Purchasing your first home is a thrilling experience, but one of your earliest realizations is that you can't call the super anymore for small repairs. For many issues, contacting a professional is the right decision, but why pay a lot of money for work you can do yourself? Our real estate agents will tell you that keeping on top of the little things will help put your house at the top of the list of Cedar City homes for sale if you ever choose to sell. Before you start your DIY project make sure you do these things.
Pick a Project
Before you ever put in an offer, you probably had an idea of a few things you wanted to change or add to the house. Maybe you want to add a ceiling fan to the den or a couple of shelves in the laundry room. Perhaps the bathroom could use a different color of paint. Before you tackle a project, make sure it's manageable and doesn't require major construction or a skill set you don't have. Contractors generally charge a lot more money to fix customer's mistakes than they do for the original job.
Analyze the Cost
Have you ever thought something carried an outrageous price tag, and you could do it yourself, but when all was said and done, you had spent more money than the one you had priced? Don't feel bad. We've all done it. To avoid such frustration, make sure all expenses are included in your budget. Supplies and tools all add up, and never forget the value of your own time. Doing something because you enjoy it is one thing, but a project can put more strain on you than it is worth. On the other hand, doing small projects is a way of collecting necessary tools to keep around the house, so there is value in that.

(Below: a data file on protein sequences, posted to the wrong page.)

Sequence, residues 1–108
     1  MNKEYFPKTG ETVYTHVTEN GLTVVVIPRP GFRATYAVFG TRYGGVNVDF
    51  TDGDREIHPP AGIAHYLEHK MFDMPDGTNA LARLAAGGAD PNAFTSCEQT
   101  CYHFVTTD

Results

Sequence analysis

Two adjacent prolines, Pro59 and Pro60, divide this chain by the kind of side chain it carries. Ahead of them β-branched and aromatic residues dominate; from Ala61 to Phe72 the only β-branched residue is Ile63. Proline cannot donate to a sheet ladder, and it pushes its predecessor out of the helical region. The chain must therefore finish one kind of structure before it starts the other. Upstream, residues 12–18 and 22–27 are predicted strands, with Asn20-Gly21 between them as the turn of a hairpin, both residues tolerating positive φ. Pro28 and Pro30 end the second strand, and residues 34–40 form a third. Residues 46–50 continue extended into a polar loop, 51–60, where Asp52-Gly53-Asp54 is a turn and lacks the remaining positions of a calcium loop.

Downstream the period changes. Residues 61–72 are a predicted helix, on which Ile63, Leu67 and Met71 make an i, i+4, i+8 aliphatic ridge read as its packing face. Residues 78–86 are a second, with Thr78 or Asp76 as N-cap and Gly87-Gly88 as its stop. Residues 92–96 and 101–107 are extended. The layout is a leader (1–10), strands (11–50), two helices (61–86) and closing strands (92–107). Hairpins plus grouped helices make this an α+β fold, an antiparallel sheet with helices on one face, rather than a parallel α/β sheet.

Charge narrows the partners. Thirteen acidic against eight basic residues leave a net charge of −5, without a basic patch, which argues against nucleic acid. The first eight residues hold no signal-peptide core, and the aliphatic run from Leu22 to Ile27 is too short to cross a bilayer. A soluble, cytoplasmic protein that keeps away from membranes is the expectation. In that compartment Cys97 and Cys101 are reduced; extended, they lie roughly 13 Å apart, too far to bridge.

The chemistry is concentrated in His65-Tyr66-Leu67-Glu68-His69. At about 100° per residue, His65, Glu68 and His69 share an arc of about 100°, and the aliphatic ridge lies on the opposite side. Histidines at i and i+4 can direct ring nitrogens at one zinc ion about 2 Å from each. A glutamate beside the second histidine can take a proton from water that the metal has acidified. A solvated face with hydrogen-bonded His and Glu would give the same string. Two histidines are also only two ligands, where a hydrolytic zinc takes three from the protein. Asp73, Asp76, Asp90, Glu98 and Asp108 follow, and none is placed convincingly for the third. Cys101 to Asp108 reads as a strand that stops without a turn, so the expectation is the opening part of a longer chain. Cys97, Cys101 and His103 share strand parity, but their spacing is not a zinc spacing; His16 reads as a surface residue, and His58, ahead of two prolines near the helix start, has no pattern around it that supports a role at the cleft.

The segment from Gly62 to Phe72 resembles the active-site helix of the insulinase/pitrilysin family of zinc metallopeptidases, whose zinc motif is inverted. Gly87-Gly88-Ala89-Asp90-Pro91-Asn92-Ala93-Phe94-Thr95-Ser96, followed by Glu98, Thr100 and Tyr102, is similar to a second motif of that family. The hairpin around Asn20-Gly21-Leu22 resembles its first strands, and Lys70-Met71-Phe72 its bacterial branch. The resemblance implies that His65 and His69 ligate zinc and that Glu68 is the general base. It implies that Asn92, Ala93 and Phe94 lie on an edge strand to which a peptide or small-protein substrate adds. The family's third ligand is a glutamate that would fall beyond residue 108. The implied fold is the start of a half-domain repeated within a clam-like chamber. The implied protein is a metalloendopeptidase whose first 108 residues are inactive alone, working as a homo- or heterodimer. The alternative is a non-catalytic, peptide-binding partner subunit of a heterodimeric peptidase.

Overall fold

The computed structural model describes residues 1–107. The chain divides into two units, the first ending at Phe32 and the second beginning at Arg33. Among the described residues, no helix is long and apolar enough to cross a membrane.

Study the Process
Be sure to do your research online on Pinterest and Youtube. Watch the videos carefully to make sure you know exactly what you need to do and assess your skills accordingly. Don't hesitate to practice. A task may look easy, but don't expect to know how to use a power tool the first time you turn it on. There's no shame in practicing drilling holes in a piece of scrap wood.
Acquire Necessary Tools
If you have thoroughly researched the process, you will know exactly what tools you require. Don't skimp or substitute. If you need a Phillips screwdriver, don't settle for a flat head. Ask yourself whether the tool should become a part of your collection for future work or if it will be used only once. Most home maintenance stores have tool rental programs for expensive items with limited use.
When you've determined that you're going to take up the project and you've done all of your homework, it's time to go shopping. Make a list and follow it to the letter. Include anything you need to support clean-up efforts, such as plastic drop cloths, work gloves, and masking tape. You don't want to find yourself running back to the hardware store for something in mid-project.
When the work is complete, and the mess cleaned up, take a moment to stand back and be proud of your accomplishment. You've earned it! If you're ready to start your adventures in home maintenance, contact us to schedule tours of area homes.